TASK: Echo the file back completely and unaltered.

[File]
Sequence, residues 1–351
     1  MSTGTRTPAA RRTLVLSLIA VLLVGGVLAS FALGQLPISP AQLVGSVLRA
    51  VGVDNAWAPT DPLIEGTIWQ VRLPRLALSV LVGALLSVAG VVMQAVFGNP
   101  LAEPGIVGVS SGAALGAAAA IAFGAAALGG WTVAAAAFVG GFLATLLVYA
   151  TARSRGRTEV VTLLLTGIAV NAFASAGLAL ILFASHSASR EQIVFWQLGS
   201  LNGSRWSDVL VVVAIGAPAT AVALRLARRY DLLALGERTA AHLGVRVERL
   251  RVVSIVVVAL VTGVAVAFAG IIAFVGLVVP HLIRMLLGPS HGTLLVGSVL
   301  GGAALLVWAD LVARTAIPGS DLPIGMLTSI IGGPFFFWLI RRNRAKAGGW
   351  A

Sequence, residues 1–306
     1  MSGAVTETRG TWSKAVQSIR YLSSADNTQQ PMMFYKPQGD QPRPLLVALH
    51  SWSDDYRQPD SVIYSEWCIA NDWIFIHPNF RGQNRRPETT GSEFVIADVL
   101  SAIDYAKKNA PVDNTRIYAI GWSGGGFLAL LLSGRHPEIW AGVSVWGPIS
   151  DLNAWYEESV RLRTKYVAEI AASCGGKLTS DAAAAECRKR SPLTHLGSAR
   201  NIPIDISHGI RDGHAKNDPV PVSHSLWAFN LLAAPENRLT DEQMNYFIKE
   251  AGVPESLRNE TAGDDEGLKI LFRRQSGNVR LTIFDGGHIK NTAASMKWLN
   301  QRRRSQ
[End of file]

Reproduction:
Sequence, residues 1–351
     1  MSTGTRTPAA RRTLVLSLIA VLLVGGVLAS FALGQLPISP AQLVGSVLRA
    51  VGVDNAWAPT DPLIEGTIWQ VRLPRLALSV LVGALLSVAG VVMQAVFGNP
   101  LAEPGIVGVS SGAALGAAAA IAFGAAALGG WTVAAAAFVG GFLATLLVYA
   151  TARSRGRTEV VTLLLTGIAV NAFASAGLAL ILFASHSASR EQIVFWQLGS
   201  LNGSRWSDVL VVVAIGAPAT AVALRLARRY DLLALGERTA AHLGVRVERL
   251  RVVSIVVVAL VTGVAVAFAG IIAFVGLVVP HLIRMLLGPS HGTLLVGSVL
   301  GGAALLVWAD LVARTAIPGS DLPIGMLTSI IGGPFFFWLI RRNRAKAGGW
   351  A

Sequence, residues 1–306
     1  MSGAVTETRG TWSKAVQSIR YLSSADNTQQ PMMFYKPQGD QPRPLLVALH
    51  SWSDDYRQPD SVIYSEWCIA NDWIFIHPNF RGQNRRPETT GSEFVIADVL
   101  SAIDYAKKNA PVDNTRIYAI GWSGGGFLAL LLSGRHPEIW AGVSVWGPIS
   151  DLNAWYEESV RLRTKYVAEI AASCGGKLTS DAAAAECRKR SPLTHLGSAR
   201  NIPIDISHGI RDGHAKNDPV PVSHSLWAFN LLAAPENRLT DEQMNYFIKE
   251  AGVPESLRNE TAGDDEGLKI LFRRQSGNVR LTIFDGGHIK NTAASMKWLN
   301  QRRRSQ